The Ninth Circuit made two important class action rulings this week, one affirming final approval of a novel class settlement and the other granting rehearing en banc in a key case on class arbitration.
The Lane Case
On September 20, 2012, the Ninth Circuit issued a useful decision in Lane v. Facebook, Inc., ___ F.3d ___, Case No. 10-16380, 2012 WL 4125857 (Sept. 20, 2012), making it easier for parties to settle cases on a cy pres basis and confirming that trial courts are not required to quantify the value of pending claims in order to decide whether a class settlement is fair.
Lane involved the settlement of a privacy class action against Facebook in which the settlement money was paid to charity because the ratio of dollars to class members made direct payments impracticable. Rather than agree on which existing charities would receive the money, the parties agreed to create a new charity that would focus on online privacy issues. The new organization would have a three-person board of directors, one of whom was to be a Facebook privacy officer. In addition, counsel for the class and Facebook were to oversee grants to ensure that they were consistent with the requirements of the settlement agreement.
Affirming the district court in a 2-1 decision, the Ninth Circuit reaffirmed that cy pres distributions are appropriate in similar circumstances. Perhaps more importantly, however, it approved of the novel creation of a new charity with defendant board representation, noting that new organizations are “not subject to a more stringent fairness standard” than existing ones. Particularly in cases where the parties have difficulty agreeing on cy pres recipients, or where there are no existing organizations with a nexus to the claims being settled, the decision gives litigants an additional option for structuring class settlements.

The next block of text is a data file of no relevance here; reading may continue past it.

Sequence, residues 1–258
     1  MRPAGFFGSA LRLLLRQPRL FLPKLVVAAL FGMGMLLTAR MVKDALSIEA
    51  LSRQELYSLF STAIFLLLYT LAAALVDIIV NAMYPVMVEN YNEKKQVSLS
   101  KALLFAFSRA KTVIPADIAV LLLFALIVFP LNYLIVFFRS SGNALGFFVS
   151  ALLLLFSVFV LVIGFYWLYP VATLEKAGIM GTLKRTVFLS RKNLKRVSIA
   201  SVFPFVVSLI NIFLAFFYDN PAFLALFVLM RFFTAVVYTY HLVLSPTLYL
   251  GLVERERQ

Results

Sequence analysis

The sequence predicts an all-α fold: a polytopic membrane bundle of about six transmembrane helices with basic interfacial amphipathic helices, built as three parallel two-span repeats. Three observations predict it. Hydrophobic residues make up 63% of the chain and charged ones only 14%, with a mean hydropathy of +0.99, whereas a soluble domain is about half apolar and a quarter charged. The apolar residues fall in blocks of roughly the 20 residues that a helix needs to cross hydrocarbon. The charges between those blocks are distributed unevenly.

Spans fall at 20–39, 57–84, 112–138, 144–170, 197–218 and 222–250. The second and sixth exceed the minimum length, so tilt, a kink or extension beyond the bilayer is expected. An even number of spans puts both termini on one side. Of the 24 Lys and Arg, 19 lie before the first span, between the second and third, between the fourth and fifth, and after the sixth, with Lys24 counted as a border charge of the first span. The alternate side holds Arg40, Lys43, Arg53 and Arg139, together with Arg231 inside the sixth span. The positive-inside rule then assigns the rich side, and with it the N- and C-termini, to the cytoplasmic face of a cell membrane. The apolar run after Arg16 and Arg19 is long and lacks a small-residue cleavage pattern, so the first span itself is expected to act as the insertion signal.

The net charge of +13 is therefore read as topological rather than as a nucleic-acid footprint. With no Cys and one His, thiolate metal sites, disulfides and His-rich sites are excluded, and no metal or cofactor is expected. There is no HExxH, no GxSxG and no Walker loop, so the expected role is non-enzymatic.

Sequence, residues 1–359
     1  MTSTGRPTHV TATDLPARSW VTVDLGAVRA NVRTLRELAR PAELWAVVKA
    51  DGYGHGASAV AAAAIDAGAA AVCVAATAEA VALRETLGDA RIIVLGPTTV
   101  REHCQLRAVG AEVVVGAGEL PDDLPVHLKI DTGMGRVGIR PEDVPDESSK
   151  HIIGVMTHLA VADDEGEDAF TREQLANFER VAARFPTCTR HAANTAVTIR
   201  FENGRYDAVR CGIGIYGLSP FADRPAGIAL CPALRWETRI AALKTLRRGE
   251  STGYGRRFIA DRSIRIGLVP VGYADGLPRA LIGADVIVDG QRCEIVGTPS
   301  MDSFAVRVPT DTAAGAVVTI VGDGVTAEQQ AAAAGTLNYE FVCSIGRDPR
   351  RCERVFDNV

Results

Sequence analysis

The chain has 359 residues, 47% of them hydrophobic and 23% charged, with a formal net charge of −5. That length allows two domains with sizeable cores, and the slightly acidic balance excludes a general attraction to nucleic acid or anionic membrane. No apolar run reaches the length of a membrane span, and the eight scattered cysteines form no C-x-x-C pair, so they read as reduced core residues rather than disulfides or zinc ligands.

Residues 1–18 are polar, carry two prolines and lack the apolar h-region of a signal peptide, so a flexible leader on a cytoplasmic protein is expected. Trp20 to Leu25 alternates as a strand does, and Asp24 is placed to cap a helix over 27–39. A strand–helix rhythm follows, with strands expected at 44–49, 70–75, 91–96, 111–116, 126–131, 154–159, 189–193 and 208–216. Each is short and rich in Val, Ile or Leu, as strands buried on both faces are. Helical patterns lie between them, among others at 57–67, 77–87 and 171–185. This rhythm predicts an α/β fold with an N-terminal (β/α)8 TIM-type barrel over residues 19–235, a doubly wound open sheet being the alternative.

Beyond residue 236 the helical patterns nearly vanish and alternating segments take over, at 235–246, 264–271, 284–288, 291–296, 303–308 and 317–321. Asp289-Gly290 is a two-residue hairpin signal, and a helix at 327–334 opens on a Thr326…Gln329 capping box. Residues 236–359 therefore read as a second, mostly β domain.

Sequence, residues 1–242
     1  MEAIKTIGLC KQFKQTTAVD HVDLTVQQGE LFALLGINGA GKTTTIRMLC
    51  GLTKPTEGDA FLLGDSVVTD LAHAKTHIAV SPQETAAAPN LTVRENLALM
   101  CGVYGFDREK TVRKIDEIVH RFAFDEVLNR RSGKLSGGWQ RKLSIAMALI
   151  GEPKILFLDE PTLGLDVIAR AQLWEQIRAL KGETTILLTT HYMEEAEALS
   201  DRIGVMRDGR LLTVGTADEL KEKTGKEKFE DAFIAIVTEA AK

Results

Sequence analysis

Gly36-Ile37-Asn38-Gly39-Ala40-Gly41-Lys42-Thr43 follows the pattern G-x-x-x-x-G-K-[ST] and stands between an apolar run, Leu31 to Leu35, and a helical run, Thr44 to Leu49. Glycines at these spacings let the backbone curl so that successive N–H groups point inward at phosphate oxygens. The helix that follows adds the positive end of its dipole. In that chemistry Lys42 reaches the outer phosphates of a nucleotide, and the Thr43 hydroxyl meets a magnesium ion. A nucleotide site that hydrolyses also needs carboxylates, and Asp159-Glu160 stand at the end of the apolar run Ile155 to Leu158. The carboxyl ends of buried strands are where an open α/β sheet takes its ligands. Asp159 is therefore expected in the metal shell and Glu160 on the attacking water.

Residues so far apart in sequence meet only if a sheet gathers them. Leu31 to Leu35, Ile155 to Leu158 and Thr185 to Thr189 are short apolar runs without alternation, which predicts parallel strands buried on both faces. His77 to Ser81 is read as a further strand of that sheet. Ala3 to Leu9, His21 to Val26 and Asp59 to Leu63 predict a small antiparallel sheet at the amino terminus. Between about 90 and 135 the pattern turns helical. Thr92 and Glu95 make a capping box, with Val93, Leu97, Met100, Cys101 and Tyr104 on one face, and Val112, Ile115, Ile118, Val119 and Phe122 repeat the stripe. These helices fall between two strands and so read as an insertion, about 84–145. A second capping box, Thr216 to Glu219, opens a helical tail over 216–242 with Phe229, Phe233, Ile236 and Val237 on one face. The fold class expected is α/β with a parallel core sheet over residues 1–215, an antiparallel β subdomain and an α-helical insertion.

Lane also is helpful because it directly rejected the frequently-raised objection that a court cannot approve a class settlement without quantifying the value of the alleged class claims after extensive formal discovery has been completed. As the court explained:
While a district court must of course assess the plaintiffs’ claims in determining the strength of their case relative to the risks of continued litigation, it need not include in its approval order a specific finding of fact as to the potential recovery for each of the plaintiffs’ causes of action. Not only would such a requirement be onerous, it would often be impossible -- statutory or liquidated damages aside, the amount of damages a given plaintiff (or class of plaintiffs) has suffered is a question of fact that must be proved at trial. Even as to statutory damages, questions of fact pertaining to which class members have claims under the various causes of action would affect the amount of recovery at trial, thus making any prediction about that recovery speculative and contingent.
The Kilgore Rehearing Order
After two strong decisions seemingly acquiescing in the pro-arbitration holding of AT&T Mobility v. Concepcion, the Ninth Circuit may be reversing course. On September 21, 2012, the court granted rehearing en banc in Kilgore v. KeyBank, National Association, No. 09-16703 (slip op. Sept. 21, 2012). In doing so, it rendered non-citable its prior decision (at 673 F.3d 947) holding that the Federal Arbitration Act preempts California’s Broughton-Cruz rule prohibiting arbitration of injunctive relief claims.
More importantly, however, the Ninth Circuit granted rehearing en banc in response to a petition making all of the same “vindication of statutory rights” arguments the Second Circuit used to evade the holding of AT&T Mobility in In re American Express Merchants Litigation, 667 F.3d 204 (2d Cir. 2012). The plaintiffs’ class action bar undoubtedly is hoping that the full court will be more receptive to those arguments than was the Kilgore panel.